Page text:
The fight against the COVID-19 outbreak is bringing new technologies to the forefront as the world deals with this current fast-spreading pandemic—and prepares for future ones.
A recent Time magazine article looked at the role technology plays in the fight against pandemics, making the case that the best way to beat a highly contagious disease is to take action early. Thanks to new innovations that are commonplace among today’s leading companies, including smartphone apps, data analytics, and artificial intelligence (AI), this is happening today with COVID-19.
According to Alain Labrique, director of the Johns Hopkins University Global Health Initiative, “The connectivity we have today gives us ammunition to fight this pandemic in ways we never previously thought possible.” This includes tracking down and treating deadly viruses faster than ever before.
Remote Diagnosis Applications Limit Spread of Disease
According to the Time article, most people look for the common symptoms associated with Coronavirus, including fever, cough, and difficulty breathing, before heading to the doctor’s office or ER for diagnosis. The best thing for patients to do is stay at home and help stop the spread of the disease unless urgent care is needed. Offering a new approach while helping limit the spread of disease, today’s telehealth and connectivity applications are enabling doctors to remotely evaluate a patient’s symptoms to diagnose them at home, and then making the decision on whether a trip to the doctor’s office, ER, or testing center is needed. The practice is already underway in Singapore, where 20 percent of doctors use telehealth applications, helping better diagnose patients remotely and recommending whether they need to go out and seek care.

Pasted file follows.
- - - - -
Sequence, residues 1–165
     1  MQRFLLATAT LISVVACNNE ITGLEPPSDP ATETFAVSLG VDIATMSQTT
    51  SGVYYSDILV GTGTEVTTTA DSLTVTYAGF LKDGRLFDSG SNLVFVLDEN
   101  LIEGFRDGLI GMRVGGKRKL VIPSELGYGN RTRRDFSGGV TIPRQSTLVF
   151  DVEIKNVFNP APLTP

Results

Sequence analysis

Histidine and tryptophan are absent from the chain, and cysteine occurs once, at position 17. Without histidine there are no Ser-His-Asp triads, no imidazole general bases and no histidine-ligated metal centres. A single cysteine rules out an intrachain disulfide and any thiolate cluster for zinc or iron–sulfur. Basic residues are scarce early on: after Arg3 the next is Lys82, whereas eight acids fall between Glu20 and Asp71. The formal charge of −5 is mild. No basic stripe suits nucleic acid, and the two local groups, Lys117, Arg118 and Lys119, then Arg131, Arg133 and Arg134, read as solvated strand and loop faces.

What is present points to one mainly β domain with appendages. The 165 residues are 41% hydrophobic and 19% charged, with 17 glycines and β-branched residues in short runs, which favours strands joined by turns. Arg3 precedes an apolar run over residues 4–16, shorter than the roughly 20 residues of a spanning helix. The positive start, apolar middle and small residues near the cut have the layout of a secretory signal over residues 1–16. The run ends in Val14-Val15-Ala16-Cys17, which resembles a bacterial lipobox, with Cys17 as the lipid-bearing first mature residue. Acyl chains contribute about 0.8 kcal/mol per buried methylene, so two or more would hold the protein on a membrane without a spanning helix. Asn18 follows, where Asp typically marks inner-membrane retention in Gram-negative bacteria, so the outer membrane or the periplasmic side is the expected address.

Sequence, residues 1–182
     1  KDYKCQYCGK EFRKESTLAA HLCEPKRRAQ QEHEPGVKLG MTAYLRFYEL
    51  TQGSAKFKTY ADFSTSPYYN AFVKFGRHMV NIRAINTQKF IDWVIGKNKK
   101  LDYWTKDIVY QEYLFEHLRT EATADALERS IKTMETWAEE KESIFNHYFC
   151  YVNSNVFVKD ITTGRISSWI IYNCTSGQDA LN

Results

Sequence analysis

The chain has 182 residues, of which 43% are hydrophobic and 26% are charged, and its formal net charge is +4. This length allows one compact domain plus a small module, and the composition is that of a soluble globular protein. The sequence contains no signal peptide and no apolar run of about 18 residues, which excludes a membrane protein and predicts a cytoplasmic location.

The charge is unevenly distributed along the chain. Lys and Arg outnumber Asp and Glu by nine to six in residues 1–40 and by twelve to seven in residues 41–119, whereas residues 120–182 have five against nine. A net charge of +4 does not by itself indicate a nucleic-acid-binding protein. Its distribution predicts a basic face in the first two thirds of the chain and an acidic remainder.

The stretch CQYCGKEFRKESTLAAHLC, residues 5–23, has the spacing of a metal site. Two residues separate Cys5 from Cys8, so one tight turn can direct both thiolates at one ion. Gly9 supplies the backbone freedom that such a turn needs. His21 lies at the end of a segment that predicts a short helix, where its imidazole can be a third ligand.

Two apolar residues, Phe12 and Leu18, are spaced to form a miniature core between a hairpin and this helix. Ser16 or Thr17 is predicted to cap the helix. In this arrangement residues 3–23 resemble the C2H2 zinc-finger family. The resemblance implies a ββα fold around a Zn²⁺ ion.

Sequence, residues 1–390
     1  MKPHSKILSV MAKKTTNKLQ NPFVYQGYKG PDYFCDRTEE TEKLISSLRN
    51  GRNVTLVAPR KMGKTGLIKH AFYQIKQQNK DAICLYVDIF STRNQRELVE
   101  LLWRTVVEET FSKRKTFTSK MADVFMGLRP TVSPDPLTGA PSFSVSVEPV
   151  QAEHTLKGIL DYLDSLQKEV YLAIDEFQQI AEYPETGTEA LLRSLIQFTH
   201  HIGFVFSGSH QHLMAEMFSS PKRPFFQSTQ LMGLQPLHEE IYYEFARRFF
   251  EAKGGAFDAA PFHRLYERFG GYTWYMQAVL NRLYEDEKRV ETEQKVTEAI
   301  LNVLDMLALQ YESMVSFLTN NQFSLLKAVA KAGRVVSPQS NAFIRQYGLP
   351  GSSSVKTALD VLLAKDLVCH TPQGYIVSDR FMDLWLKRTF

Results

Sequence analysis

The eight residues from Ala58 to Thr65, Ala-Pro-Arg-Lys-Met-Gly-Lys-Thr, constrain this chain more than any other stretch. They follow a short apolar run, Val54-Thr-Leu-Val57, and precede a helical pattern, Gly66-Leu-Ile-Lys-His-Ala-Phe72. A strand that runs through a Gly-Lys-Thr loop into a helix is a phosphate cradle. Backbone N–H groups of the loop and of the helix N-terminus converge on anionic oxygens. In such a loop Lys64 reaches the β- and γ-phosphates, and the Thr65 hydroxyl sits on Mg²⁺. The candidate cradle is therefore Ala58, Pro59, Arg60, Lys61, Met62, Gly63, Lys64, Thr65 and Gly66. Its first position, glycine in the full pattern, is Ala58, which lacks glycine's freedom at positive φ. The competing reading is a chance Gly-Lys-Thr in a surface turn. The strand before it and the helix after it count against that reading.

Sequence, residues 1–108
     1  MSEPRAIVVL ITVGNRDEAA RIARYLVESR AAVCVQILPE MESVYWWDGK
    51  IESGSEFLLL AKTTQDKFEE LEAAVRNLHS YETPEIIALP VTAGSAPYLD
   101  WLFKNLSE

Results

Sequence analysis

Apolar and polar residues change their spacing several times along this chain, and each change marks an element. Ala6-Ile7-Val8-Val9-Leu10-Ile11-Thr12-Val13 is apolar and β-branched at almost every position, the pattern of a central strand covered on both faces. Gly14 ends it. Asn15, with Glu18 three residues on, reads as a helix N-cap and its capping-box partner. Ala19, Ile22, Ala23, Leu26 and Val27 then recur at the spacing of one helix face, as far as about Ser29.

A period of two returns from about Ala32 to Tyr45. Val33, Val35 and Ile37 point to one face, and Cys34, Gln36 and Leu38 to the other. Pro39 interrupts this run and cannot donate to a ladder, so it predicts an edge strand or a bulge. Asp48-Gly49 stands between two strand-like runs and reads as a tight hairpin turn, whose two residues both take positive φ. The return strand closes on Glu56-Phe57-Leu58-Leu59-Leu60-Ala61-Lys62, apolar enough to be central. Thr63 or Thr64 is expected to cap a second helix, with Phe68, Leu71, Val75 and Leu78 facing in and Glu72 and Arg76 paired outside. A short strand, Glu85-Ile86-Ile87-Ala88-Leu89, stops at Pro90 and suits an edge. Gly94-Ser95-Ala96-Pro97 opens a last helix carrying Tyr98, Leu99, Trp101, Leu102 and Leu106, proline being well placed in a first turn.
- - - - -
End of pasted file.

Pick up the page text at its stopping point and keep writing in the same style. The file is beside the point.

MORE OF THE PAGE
Telemedicine Enables Better Preparedness and Predictive Care
Data analytics is another technology that’s helping healthcare professionals in the fight against pandemics. By taking into account larger data sets across specific geographical areas, doctors and public officials can better predict where outbreaks and surges may occur. This helps them better prepare with preventative measures and hospital preparedness. For example, the Time article notes an example with Northern California health services provider Kaiser Permanente, which noticed a spike in patients calling in and reporting COVID-19-like symptoms. By analyzing its call volumes, the health provider was able to better anticipate where a surge in cases may occur and take action—in some cases suspending procedures such as elective surgeries to handle the increased influx of patients.
To learn the latest data and trends related to Coronavirus and stay up to date, check out TIBCO’s COVID-19 Visual Analysis Hub, a rich information resource with visual data science analyses that supports our communities in managing the effects of the virus.